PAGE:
01 September 2023 | Opinion | By Dr Joyce Ouyang, Managing Director, Cognitact Limited, Hong Kong
Blood-based protein biomarkers have emerged as a promising tool for the early detection of Alzheimer's disease
Alzheimer's disease (AD) is a rapidly growing global public health concern, with an estimated 55 million patients worldwide. This number is projected to double every twenty years, reaching a staggering 139 million in 2050, primarily due to the ageing population. AD progresses in stages, with early symptoms including memory loss, language difficulties, and spatial awareness problems. As the disease advances, individuals may experience personality changes, confusion, and difficulty with daily activities.
While treatment options for AD have remained stagnant for the past two decades, there is now a glimmer of hope. Lecanemab, a mono-antibody targeting amyloid-beta (Aβ), the pathological hallmark of AD, recently received traditional approval from the US FDA this July. The significant milestone marks the first disease-modifying drug with significant beneficial effects. However, individuals recommended to take the drug often have mild symptoms that go unnoticed in daily life and miss the window for effective treatment. Therefore, there is an urgent need for a diagnostic test to screen the population for early-stage AD.
Blood-based protein biomarkers have emerged as a promising tool for the early detection of AD. Research studies have shown that specific blood proteins, such as plasma Aβ42/40 ratio, phosphorylated-tau (p-Tau) isoforms, and neurofilament light chain (NfL), are significantly associated with AD. Compared to traditional diagnostic methods like cognitive tests and brain imaging, measuring these blood-based protein biomarkers is less invasive, more convenient, and much cheaper in clinical settings. However, a single biomarker is usually inadequate in capturing the full range of AD-associated changes within the body. Consequently, it lacks the necessary accuracy to detect AD in early stages and indicate the progression of the disease.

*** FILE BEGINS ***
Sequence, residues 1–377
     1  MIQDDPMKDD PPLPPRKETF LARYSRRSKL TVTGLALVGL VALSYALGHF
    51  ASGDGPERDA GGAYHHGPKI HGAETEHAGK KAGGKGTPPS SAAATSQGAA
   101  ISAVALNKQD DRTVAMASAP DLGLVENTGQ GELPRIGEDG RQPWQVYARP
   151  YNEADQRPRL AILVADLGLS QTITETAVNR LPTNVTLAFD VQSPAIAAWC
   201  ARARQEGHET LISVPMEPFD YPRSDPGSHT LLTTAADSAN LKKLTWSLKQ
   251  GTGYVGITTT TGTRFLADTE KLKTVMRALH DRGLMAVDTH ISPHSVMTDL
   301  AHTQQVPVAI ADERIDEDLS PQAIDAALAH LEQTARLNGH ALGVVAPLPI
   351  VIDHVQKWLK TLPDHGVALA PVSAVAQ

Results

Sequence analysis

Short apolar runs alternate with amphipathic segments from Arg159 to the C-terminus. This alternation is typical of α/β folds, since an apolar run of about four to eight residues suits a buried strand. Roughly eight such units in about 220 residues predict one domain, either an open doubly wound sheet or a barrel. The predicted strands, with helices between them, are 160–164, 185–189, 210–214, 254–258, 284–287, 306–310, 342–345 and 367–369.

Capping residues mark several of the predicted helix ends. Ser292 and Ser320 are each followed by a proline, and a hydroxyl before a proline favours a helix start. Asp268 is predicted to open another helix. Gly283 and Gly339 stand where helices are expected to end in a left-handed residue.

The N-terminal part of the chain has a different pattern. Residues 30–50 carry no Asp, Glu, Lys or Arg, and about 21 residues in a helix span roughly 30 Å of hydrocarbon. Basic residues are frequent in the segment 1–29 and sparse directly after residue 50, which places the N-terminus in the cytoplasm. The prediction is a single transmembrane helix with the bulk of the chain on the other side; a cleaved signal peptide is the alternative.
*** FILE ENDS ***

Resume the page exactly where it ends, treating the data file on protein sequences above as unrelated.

PlasmarkAD, a blood test that simultaneously measures 21 blood protein biomarkers, was introduced to clinics in Hong Kong in July. Developed by a research team at the Hong Kong University of Science and Technology and licensed to Cognitact Limited for further development and commercialisation, it leverages cutting-edge proteomic technology and self-developed machine learning algorithms. This innovative test detects AD 5-10 years before symptoms manifest with an accuracy of 96 per cent through a simple blood draw. Moreover, it provides a multi-dimensional analysis of various body systems that may be affected by AD, including the immune, metabolic, nervous and vascular systems, enabling personalised analysis and recommendations.
In real clinical settings, this multiplex biomarker panel offers a simple blood test for large-scale population screening of early AD cases, with only 1/3 of the price of brain scanning. Additionally, the examination of multiple biomarkers assists in disease staging and patient stratification. Longitudinal test results, combined with medical consultation records, provide valuable insights into disease progression and treatment response over time. This information enables timely intervention and biomarker-guided targeted therapy.
For over a century, people have been fighting against AD and the decline of memory. Now, with the advent of AD drugs and blood-based protein biomarker examinations, we are finally witnessing the dawn of a triumphant era. Although there is still a long journey ahead, we believe these powerful tools will bring us one step closer to defeating this devastating disease.
Dr Joyce Ouyang, Managing Director, Cognitact Limited, Hong Kong